The triboelectrical measuring chamber may be arranged immediately inside as well as outside the gas main stream. In all cases, the signal recording will be effected by one or more measuring probes, all of them being subjected to the same flowing conditions inside the triboelectrical measuring chambers.
 The measuring probes' design include separately arranged shells or other probes with definite flow resistance values which will be further discussed herein below.
 Also, horizontal or vertical flow conditions at probes situated in central locations or other places are possible, after having increased the dust and aerosol particles' velocity in advance.
 The triboelectric signals are conducted by appropriate electric cables and transmitted to further processing.
 The probe for sampling the dust-laden gas and/or dust-and-aerosol particle mixture can be heated and is designed in such a way that right after the partial gas stream (at a temperature similar to that of the gas main stream) enters the sampling probe a diluent air stream at a definite temperature can be added to the partial gas stream by using a proportioning nozzle.
 The partial gas stream, after possible dilution now being the measuring gas stream, is accelerated by means of an injector and guided through the triboelectrical measuring chamber.
 Using for example a multi-way spherical valve, both triboelectrical measuring chamber and sampling probe can be flushed with flushing air.
 A volume flow metering and/or monitoring device is integrated in the gas metering section so that constant conditions can be maintained for the partial gas stream, or computerized compensation is enabled as regards the impact the volume flow fluctuations may have on the triboelectric signal, respectively.
 Below, the invention will be described by a practical example. The figures show pictorial schematics as follows:
FIG. 1—Device for continuous extractive dust content measurements with the measuring chamber being arranged outside the gas main stream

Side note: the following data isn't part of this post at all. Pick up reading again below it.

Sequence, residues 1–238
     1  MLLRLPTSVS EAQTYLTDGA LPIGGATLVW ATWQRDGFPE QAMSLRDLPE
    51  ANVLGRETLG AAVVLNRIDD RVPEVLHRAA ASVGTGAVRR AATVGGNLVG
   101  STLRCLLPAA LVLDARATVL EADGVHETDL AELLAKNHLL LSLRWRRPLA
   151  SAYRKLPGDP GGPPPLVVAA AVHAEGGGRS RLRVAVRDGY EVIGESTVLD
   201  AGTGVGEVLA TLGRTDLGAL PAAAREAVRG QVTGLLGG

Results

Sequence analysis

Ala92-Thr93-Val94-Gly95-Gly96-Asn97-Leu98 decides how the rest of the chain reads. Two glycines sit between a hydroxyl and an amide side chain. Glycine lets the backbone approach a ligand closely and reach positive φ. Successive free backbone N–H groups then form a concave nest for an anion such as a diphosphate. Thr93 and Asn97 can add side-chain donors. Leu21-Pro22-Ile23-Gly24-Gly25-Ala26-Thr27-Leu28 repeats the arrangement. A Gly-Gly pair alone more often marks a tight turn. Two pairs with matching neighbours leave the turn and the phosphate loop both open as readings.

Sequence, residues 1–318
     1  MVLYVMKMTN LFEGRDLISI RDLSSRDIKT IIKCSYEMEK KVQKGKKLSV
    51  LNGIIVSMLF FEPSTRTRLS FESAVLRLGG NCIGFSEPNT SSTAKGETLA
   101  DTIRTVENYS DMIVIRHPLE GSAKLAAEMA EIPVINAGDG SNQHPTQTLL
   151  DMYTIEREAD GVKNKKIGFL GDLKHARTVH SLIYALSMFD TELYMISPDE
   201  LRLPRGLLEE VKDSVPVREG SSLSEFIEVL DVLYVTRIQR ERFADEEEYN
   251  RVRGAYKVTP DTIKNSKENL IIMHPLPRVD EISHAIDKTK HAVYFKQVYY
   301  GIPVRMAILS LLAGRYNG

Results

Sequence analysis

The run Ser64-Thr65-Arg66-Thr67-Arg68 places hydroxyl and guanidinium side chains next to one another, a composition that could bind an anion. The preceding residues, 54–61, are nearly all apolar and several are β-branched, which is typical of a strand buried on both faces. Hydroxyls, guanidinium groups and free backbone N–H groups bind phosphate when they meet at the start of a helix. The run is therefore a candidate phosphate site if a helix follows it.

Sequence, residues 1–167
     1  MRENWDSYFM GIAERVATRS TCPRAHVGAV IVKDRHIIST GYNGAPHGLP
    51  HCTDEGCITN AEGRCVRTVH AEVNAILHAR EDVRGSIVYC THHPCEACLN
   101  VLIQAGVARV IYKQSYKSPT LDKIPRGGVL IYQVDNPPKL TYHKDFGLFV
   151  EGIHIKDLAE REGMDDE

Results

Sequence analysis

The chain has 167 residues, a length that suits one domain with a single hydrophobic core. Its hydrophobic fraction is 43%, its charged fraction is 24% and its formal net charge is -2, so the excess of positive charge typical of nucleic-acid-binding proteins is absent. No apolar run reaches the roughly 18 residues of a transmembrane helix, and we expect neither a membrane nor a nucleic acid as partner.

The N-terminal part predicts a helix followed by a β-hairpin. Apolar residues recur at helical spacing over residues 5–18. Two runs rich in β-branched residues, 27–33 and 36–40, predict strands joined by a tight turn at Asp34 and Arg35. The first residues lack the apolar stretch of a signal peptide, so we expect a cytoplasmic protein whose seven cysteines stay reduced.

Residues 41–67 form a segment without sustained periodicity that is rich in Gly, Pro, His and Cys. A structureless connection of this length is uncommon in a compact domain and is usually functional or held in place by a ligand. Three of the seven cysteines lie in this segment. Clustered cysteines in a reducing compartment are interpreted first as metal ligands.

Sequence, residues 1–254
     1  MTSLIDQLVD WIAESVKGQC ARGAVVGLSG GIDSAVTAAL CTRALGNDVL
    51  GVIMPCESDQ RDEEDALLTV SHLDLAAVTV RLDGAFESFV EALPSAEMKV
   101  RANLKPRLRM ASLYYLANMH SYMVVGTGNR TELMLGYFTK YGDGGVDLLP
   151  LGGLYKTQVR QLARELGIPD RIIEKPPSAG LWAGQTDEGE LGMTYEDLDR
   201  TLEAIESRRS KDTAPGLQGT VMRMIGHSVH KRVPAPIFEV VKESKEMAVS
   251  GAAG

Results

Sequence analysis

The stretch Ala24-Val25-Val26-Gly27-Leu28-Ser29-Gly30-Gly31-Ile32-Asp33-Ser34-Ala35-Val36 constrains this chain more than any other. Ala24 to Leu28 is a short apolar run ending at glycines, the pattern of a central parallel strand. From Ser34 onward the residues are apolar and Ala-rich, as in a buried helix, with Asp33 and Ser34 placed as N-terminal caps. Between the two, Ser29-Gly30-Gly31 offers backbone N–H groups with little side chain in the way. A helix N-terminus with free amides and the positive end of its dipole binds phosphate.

FIG. 2—Device for continuous extractive dust content measurements with the measuring chamber being arranged inside the gas main stream
FIG. 3—Device for continuous extractive dust content measurements in moist and tacky flue gases
FIG. 4—Aerosol measurements by means of a device for continuous extractive dust content measurements using a specific chamber with an intermittent temperature regime
FIG. 5—Device for aerosol measurements, using two parallel triboelectrical measuring chambers working at two different temperature levels
FIG. 6—Longitudinal section view of a triboelectrical, tube-shaped measuring chamber with some kind of a forced cycloning of gas particles
FIG. 7—Longitudinal sectional view of a triboelectrical, tube-shaped measuring chamber according to FIG. 6, where the distance between two shell-like sensors can be distinguished
FIG. 8—Sectional view A-A, according to FIG. 6
FIG. 9—Sectional view B-B, according to FIG. 6
FIG. 10—Sectional view C-C, based on to FIG. 6 with four sensors being used
FIG. 11—Example of sensors in the triboelectrical measuring chamber, with tangential flow conditions
FIG. 12—Example of sensors in the triboelectrical measuring chamber, with vertical and horizontal flow conditions
 Reference numbers can be taken from the attached List of Reference Numbers.
 As shown FIG. 1, a hook-shaped probe (1) the diameter of which is designed for an isokinetic sampling projects into the into the gas main stream flowing through a flue duct. A flange (13) is used to secure the hook-shaped probe (1) onto the flue duct. The probe for sampling measuring gas (2) is arranged downstream the hook-shaped probe (1). Gas sampling is made in a way in which a partial gas stream, still having the same temperature as the gas main stream, is branched off from the gas main stream and guided into the triboelectrical measuring chamber (5) immediately after it enters the sampling probe (2). Inside the triboelectrical measuring chamber (5), the measuring gas laden with dust particles and aerosols is cycloned, and the rubbing effect of these motion causes triboelectric signals to be generated.